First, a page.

The recovery of easyJet’s position as a tough-to-assail No.2 in Europe’s airline market stayed aloft in the first quarter. Shares jumped on news of a smooth transition for acquired operations at Berlin’s Tegel airport, total quarterly revenue exceeding forecasts as well as costs and revenue per seat remaining on track with prior guidance. A forecast headline loss at Berlin Tegel is also held at the same level as previous guidance. That says execution risks from the daunting prospect of reviving a bankrupt airline have been greatly reduced. Consequently, risks to group profit for the year can also be pegged lower.
A lack of unforeseen nasties of a financial or operational kind helps account for the ‘relief-rally’ feel of the market reaction on Tuesday. There was a modestly flattering foreign exchange tailwind that helped lift revenues 14.4% and above forecasts to £1,140m. But even if excluded, turnover remains solid relative to expectations. To be sure, easyJet has not reported any standout positive surprises in the quarter either. Rather, its share price acceleration at the time of writing reflects understanding among investors that little is guaranteed from quarter-to-quarter in the budget airline space.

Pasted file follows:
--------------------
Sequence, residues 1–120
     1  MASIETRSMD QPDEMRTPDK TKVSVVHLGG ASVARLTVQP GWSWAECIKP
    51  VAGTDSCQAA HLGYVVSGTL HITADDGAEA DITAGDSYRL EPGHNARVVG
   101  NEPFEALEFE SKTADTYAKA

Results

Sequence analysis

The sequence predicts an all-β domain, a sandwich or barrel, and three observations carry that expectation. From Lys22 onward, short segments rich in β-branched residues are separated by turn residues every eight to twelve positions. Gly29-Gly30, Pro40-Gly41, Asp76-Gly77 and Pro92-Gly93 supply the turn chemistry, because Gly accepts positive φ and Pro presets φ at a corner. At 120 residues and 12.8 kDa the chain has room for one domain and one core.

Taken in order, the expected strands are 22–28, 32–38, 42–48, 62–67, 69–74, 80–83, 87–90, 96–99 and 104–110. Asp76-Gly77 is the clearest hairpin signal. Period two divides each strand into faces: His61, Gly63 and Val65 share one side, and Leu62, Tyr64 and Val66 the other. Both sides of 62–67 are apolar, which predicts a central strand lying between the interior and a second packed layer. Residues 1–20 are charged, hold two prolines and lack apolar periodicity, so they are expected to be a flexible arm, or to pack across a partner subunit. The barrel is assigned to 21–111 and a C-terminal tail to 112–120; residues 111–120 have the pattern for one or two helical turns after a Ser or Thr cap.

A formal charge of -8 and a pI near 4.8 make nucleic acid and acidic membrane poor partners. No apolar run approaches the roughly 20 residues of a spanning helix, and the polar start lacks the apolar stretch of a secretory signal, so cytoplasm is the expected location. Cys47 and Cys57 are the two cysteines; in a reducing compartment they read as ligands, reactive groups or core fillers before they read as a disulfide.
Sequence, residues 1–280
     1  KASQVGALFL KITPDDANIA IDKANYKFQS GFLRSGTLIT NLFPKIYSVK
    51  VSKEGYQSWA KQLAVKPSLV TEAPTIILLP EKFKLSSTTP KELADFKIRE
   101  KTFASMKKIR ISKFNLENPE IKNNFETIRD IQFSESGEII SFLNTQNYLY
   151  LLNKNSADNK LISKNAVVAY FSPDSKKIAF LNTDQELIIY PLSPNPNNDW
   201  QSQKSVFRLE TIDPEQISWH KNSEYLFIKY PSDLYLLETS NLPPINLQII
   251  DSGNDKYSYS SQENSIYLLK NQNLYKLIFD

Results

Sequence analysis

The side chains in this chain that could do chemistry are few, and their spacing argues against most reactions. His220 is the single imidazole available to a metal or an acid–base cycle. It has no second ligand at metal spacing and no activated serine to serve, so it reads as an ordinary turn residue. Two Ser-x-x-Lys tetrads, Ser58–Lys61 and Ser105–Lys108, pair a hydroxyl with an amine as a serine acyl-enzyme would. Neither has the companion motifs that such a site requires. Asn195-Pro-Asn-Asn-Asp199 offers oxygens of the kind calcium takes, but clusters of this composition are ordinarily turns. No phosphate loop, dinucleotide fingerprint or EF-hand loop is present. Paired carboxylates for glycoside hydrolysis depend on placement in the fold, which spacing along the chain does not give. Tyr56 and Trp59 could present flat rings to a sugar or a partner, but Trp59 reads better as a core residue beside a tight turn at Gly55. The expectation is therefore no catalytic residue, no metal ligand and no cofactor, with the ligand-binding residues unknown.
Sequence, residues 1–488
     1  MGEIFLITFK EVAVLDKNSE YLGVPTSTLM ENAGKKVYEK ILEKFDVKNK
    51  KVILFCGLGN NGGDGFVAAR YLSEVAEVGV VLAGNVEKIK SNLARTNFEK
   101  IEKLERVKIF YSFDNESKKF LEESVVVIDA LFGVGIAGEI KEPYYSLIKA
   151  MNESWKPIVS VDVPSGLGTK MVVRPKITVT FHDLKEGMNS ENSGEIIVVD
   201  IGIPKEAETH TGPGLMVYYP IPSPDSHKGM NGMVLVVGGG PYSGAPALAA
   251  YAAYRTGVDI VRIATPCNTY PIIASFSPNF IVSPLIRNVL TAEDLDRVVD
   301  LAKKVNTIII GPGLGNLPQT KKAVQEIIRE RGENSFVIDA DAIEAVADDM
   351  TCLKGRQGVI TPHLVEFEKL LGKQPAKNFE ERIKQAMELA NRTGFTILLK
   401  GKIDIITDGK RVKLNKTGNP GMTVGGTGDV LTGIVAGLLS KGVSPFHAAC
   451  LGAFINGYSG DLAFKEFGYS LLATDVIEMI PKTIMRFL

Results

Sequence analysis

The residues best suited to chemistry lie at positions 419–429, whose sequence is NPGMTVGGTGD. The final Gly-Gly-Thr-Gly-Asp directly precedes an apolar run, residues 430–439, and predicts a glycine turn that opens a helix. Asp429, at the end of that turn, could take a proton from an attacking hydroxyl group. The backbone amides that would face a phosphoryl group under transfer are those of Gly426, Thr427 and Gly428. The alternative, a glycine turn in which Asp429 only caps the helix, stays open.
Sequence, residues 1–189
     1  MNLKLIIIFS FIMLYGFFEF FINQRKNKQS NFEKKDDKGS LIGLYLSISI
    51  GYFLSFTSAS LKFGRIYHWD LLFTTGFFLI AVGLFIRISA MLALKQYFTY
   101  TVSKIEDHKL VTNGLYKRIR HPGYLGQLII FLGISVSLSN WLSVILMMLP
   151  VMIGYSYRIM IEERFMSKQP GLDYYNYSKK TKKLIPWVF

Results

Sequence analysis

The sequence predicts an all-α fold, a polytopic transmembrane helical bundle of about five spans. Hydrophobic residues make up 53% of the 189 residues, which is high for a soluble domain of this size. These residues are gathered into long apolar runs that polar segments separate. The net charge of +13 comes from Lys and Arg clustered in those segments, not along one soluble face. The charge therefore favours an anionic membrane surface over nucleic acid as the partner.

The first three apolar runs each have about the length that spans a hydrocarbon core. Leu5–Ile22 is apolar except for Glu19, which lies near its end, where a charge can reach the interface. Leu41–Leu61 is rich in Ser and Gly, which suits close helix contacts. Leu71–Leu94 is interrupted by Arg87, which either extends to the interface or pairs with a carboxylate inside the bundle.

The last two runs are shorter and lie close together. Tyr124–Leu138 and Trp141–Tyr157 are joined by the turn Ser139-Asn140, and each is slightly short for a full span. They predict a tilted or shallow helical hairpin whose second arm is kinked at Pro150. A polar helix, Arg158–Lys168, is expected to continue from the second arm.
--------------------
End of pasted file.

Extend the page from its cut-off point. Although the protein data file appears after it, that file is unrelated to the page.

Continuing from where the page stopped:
Looking ahead, the new CEO has backed away, for the moment, from addressing bottom-line guidance for the new financial year. Still, comparing the log of easyJet’s first quarter of 2017 to the most recent one underlines improvement from the evaporation of stated angst. The lack of that quality in Tuesday’s report reveals management’s better orientation to the near future. No mention this time around of a “tough” pricing environment stoked by rampant capacity growth that even overwhelmed lower fuel prices than today’s. These conditions still exist. What’s changed is that easyJet is no longer experiencing the sharpest end of them.
Under these conditions and with the end-2017 cash position at £357m as pledged, perhaps easyJet can avoid a widely expected dip back into negative cash flow again by end-2018. (Note 2018/19 capex will almost double to £1.2bn). That outcome could mean a faster-than-forecast dividend increase this year is not out of the question, even if it is at the further bound of probabilities.